A higher power

"Signs," the latest supernatural chiller from M. Night Shyamalan, shows once again he's a master of terror. But he wants to be a shaman, not just a showman.

By Andrew O'Hehir

Executive Editor

Published August 2, 2002 8:00PM (EDT)

M. Night Shyamalan does spooky thrills and chills better than any other Hollywood filmmaker to emerge in the last two decades. If he's not quite the legitimate heir to Alfred Hitchcock and the young Steven Spielberg that he thinks he is (and he's not, at least not yet), Shyamalan will nonetheless pack the multiplexes this weekend with hordes of eager victims ready to scream and leap from their seats for his new "Signs."

Yeah, Shyamalan knows how to scare us, all right. (Even on a scratched-up DVD from my neighborhood video store, "The Sixth Sense" had me pulling the couch cushions over my face.) And on that front "Signs" will not disappoint: We've got a wounded American family, an isolated farmhouse, a cornfield full of hieroglyphic crop circles, and some things that go bump in the night and don't seem all that friendly. Shyamalan is already a master of such tricks as odd low-angle and high-angle shots, subtly distressing details (a swing seat wobbling when there's no wind) and overly amplified ordinary sound (the woman sitting next to me squealed every time the family's German shepherd barked).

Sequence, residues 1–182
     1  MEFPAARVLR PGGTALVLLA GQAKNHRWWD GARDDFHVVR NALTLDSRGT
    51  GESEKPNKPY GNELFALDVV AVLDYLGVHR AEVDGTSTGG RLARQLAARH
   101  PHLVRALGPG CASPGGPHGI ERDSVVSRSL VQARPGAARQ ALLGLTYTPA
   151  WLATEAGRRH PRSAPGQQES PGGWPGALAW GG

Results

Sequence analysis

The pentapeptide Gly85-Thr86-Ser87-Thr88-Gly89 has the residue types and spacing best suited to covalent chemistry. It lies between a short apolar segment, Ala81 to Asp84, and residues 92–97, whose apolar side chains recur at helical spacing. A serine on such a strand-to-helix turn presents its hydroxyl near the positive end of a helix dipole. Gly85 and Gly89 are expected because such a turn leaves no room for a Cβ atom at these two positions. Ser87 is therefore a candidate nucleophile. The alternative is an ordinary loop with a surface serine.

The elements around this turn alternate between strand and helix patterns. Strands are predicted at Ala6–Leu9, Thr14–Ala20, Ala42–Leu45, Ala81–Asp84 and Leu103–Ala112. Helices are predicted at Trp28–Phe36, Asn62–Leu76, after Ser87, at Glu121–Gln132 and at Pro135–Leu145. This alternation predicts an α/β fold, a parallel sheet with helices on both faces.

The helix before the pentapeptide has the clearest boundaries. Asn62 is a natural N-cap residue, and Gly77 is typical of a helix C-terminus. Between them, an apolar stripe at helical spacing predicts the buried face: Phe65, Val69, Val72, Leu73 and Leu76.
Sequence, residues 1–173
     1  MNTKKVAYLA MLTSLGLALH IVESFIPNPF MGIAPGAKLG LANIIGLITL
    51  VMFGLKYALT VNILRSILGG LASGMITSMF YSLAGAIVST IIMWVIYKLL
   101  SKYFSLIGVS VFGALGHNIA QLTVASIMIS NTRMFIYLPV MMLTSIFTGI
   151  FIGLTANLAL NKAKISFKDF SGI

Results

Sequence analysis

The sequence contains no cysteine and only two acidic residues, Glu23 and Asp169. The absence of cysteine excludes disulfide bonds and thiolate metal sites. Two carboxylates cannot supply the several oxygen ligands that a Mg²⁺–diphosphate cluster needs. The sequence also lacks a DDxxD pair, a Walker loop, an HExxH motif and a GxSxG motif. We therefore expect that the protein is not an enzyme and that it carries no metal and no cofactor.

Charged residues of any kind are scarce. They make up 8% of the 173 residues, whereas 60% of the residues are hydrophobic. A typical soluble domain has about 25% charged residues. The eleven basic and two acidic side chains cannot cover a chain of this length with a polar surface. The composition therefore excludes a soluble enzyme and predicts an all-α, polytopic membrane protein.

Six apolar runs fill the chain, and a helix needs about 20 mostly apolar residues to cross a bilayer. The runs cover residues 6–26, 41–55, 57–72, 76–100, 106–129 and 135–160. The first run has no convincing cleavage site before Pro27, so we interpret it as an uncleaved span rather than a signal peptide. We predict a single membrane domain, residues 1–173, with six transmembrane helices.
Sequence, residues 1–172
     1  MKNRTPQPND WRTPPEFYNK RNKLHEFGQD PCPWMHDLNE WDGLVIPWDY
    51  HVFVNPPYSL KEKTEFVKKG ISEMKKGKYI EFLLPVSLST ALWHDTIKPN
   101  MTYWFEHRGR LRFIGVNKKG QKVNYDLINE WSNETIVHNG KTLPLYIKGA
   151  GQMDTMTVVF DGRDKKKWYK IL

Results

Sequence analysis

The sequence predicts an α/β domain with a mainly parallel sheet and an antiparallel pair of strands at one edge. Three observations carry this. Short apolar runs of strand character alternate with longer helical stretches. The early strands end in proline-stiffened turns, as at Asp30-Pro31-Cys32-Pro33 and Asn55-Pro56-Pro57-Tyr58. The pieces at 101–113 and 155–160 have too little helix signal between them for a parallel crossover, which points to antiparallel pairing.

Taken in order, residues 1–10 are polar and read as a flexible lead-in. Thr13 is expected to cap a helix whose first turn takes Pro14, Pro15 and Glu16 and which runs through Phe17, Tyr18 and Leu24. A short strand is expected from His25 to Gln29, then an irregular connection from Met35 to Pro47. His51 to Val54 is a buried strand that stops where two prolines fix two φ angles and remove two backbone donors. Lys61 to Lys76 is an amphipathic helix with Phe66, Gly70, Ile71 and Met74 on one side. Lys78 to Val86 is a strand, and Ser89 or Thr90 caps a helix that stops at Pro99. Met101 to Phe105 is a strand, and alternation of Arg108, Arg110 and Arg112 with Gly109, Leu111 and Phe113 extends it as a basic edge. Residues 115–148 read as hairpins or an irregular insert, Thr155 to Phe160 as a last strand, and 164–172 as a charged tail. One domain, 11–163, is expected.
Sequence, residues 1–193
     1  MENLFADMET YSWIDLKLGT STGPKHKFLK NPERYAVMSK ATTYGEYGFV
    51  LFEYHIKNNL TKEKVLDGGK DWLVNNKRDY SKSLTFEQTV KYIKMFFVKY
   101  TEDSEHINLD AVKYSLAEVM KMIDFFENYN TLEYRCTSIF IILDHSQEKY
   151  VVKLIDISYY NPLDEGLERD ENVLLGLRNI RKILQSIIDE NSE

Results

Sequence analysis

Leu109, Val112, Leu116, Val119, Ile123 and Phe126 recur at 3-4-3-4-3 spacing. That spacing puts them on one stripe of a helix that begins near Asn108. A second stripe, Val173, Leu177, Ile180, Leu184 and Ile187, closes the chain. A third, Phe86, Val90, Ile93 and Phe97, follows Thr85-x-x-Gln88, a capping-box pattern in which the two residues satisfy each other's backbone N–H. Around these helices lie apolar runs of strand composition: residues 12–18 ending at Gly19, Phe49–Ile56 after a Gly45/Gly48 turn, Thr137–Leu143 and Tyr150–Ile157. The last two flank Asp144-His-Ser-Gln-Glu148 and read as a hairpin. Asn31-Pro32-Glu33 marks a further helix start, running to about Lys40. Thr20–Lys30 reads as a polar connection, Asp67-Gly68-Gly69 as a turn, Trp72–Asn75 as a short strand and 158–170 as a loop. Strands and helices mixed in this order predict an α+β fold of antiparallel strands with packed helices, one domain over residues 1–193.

But what's scaring him? All three of Shyamalan's big-budget Hollywood movies (also including "Unbreakable") are tremendous mood pieces that build an intensely creepy atmosphere, winding the audience up to a pitch of near hysterical suspense, and then squander it all in promiscuous geysers of sentimentality and random New Age brain fog. Two things come to mind: One, Shyamalan is a clever craftsman trying to conceal the fact that he has nothing to say. Two, he's scared of God.